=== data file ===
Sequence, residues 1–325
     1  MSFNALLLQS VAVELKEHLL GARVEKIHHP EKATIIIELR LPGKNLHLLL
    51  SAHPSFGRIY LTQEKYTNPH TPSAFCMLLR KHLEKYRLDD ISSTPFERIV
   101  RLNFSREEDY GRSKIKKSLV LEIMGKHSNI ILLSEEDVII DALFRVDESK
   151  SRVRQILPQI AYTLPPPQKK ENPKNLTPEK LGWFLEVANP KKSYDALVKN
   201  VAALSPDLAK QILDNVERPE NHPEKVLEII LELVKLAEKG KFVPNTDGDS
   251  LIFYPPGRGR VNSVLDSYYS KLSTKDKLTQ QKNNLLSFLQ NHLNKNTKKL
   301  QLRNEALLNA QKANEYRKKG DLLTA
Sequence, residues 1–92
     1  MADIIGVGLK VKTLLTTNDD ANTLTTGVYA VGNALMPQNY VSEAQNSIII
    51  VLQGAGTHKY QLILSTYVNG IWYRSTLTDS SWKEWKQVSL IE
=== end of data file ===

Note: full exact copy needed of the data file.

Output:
Sequence, residues 1–325
     1  MSFNALLLQS VAVELKEHLL GARVEKIHHP EKATIIIELR LPGKNLHLLL
    51  SAHPSFGRIY LTQEKYTNPH TPSAFCMLLR KHLEKYRLDD ISSTPFERIV
   101  RLNFSREEDY GRSKIKKSLV LEIMGKHSNI ILLSEEDVII DALFRVDESK
   151  SRVRQILPQI AYTLPPPQKK ENPKNLTPEK LGWFLEVANP KKSYDALVKN
   201  VAALSPDLAK QILDNVERPE NHPEKVLEII LELVKLAEKG KFVPNTDGDS
   251  LIFYPPGRGR VNSVLDSYYS KLSTKDKLTQ QKNNLLSFLQ NHLNKNTKKL
   301  QLRNEALLNA QKANEYRKKG DLLTA
Sequence, residues 1–92
     1  MADIIGVGLK VKTLLTTNDD ANTLTTGVYA VGNALMPQNY VSEAQNSIII
    51  VLQGAGTHKY QLILSTYVNG IWYRSTLTDS SWKEWKQVSL IE